Owner and Veterinarian Perceptions of Equine Euthanasia and Mortality Composting

Hannah L. Lochner, Krishona L Martinson, Alex W. Bianco, Mark L. Hutchinson, Melissa L. Wilson, Lee J. Johnston, Katherine E. Dentzman

Research output: Contribution to journalArticlepeer-review

Abstract

Challenges associated with burial, rendering, and cremation have forced horse owners to seek alternative mortality disposal methods. While equine mortality composting has been successfully demonstrated, industry-wide adoption has been limited. Therefore, evaluation of horse owners’ and veterinarians’ perceptions and experience with mortality composting is needed. Two surveys were developed to evaluate industry practices and decisive factors regarding equine euthanasia and mortality disposal methods. Each survey was designed for a separate audience: horse owners or veterinarians serving equines. The surveys were advertised as weblinks on relevant Facebook pages, e-newsletters, and email listservs. Data were analyzed using bivariate and multivariate models for associations and factors influencing decisions surrounding composting. The surveys yielded 1,225 and 244 usable responses from horse owners and veterinarians, respectively. Respondent demographics were consistent with previous survey reports for horse owners and veterinarians in the United States with a majority being female between 41 and 60 years of age with long-term industry involvement. Horse owners (86%) and veterinarians (84%) that preferred chemical euthanasia tended to prefer burial (58% and 42%, respectively) over other mortality disposal methods. Only 12% of horse owner respondents had ever tried composting and only 25% of veterinarian respondents had ever recommended composting. Horse owner (47%) and veterinarian (67%) respondents indicated they would be more open to trying and recommending mortality composting if more scientific research were available. Equine mortality composting shows potential as a primary disposal method for the equine industry. Research and educational programs are key to industry-wide acceptance of equine mortality composting.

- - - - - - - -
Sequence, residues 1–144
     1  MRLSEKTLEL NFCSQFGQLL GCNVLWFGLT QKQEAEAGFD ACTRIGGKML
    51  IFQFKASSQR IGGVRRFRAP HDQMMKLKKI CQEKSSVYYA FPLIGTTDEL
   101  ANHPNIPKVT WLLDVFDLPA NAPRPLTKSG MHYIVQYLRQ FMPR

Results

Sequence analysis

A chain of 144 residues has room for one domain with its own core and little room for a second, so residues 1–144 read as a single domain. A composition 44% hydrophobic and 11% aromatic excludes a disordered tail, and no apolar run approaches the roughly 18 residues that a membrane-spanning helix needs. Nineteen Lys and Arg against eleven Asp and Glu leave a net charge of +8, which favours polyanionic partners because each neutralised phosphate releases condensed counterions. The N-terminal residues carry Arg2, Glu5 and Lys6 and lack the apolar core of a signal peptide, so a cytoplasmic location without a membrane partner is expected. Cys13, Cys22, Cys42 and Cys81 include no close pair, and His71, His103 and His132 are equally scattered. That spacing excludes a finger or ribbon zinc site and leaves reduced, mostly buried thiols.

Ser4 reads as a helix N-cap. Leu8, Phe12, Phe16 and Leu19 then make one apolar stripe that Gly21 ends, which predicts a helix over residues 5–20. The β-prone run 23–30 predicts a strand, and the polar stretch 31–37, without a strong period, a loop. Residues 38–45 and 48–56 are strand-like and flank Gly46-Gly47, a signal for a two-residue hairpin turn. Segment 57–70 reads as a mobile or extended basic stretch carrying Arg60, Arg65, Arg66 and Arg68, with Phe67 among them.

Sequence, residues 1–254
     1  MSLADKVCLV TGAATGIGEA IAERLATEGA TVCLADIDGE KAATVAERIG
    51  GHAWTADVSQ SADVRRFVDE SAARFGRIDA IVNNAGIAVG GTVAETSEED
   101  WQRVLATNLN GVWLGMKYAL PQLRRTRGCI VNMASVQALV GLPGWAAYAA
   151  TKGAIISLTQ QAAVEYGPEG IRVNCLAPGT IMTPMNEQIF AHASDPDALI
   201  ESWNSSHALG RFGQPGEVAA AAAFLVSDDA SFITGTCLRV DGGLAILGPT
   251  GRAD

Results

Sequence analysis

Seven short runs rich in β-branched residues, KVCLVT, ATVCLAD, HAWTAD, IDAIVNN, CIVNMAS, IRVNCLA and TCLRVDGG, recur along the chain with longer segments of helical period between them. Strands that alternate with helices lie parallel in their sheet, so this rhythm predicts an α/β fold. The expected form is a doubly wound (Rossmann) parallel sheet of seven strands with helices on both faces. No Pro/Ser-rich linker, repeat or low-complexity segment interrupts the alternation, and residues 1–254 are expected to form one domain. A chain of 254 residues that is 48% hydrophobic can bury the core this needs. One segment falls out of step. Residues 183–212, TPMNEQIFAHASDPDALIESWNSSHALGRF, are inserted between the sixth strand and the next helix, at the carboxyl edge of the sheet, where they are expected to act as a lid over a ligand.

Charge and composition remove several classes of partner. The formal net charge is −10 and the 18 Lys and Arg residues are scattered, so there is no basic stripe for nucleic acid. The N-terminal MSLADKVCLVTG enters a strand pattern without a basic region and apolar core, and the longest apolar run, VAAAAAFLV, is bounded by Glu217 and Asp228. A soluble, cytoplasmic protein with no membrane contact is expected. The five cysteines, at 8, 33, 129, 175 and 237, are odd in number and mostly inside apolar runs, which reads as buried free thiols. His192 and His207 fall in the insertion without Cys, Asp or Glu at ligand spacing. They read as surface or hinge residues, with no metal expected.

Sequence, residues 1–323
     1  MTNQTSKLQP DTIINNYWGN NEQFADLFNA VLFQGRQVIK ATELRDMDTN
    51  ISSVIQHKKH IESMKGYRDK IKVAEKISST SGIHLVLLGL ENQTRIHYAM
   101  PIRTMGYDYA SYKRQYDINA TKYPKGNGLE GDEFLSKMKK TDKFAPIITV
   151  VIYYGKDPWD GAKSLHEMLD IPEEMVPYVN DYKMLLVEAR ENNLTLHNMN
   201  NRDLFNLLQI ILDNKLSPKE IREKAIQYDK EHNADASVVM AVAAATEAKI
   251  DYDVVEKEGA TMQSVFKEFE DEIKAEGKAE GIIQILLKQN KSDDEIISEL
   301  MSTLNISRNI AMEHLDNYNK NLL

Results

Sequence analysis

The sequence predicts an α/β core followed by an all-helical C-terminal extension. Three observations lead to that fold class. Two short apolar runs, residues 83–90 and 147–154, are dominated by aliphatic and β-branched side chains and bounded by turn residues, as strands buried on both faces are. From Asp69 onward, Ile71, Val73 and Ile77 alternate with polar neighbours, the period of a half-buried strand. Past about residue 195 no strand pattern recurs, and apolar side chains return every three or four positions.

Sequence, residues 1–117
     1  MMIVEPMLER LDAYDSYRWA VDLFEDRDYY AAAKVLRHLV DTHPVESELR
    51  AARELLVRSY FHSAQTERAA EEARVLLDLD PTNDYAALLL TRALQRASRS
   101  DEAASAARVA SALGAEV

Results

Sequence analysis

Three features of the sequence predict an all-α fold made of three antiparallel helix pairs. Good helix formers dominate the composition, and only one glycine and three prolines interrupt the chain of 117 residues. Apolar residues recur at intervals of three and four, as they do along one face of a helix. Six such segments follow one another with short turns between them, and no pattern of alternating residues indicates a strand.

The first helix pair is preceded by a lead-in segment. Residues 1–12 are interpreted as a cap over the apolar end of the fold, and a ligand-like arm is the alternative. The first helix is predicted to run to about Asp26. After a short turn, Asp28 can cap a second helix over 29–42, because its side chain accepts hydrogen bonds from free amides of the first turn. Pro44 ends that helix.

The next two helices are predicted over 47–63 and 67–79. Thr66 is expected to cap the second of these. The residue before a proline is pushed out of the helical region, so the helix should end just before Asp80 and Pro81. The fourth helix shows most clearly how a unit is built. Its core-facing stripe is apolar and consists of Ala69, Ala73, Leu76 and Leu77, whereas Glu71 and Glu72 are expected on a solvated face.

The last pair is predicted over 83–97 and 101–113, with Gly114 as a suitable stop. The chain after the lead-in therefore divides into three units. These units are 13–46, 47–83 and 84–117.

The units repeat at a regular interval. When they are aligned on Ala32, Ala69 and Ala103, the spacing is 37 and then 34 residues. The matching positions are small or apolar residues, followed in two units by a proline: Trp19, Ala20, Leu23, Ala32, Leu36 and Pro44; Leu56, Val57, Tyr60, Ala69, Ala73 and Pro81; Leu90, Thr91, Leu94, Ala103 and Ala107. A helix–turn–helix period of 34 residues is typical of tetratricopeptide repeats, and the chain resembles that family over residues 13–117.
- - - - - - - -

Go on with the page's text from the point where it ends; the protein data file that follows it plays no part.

Original languageEnglish (US)
Article number103402
JournalJournal of Equine Veterinary Science
Volume99
DOIs
StatePublished - Apr 2021

Bibliographical note

Funding Information:
Funding for this project was provided by the Rapid Agricultural Response Fund, established by the Minnesota Legislature and administered by the University of Minnesota Agricultural Experiment Station .

Publisher Copyright:
© 2021 Elsevier Inc.

Copyright:
Copyright 2021 Elsevier B.V., All rights reserved.

Keywords

  • Carcass disposal
  • Composting
  • End-of-life decision making
  • Euthanasia
  • Survey

PubMed: MeSH publication types

  • Journal Article
  • Research Support, Non-U.S. Gov't

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